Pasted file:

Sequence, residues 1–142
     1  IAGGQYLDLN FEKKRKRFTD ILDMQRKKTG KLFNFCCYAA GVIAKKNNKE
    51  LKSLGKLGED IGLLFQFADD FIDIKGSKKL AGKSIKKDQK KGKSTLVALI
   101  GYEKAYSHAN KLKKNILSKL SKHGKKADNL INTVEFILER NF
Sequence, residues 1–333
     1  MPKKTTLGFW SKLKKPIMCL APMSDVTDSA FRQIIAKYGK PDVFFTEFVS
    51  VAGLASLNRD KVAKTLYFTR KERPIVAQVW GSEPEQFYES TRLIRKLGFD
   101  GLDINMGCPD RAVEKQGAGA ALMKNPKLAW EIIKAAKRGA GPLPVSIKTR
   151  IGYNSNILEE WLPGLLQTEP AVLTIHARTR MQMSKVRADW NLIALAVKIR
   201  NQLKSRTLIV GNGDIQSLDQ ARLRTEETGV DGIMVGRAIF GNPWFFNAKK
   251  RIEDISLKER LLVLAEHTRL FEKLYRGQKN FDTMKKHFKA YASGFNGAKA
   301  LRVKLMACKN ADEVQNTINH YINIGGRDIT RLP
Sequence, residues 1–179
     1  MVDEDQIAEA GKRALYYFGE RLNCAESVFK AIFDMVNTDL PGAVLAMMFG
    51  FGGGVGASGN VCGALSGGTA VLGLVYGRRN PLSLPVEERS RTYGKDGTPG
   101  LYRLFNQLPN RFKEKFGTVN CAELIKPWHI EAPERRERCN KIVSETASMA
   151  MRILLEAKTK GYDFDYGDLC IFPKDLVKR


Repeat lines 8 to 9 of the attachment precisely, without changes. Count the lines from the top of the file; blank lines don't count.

   101  GLDINMGCPD RAVEKQGAGA ALMKNPKLAW EIIKAAKRGA GPLPVSIKTR
   151  IGYNSNILEE WLPGLLQTEP AVLTIHARTR MQMSKVRADW NLIALAVKIR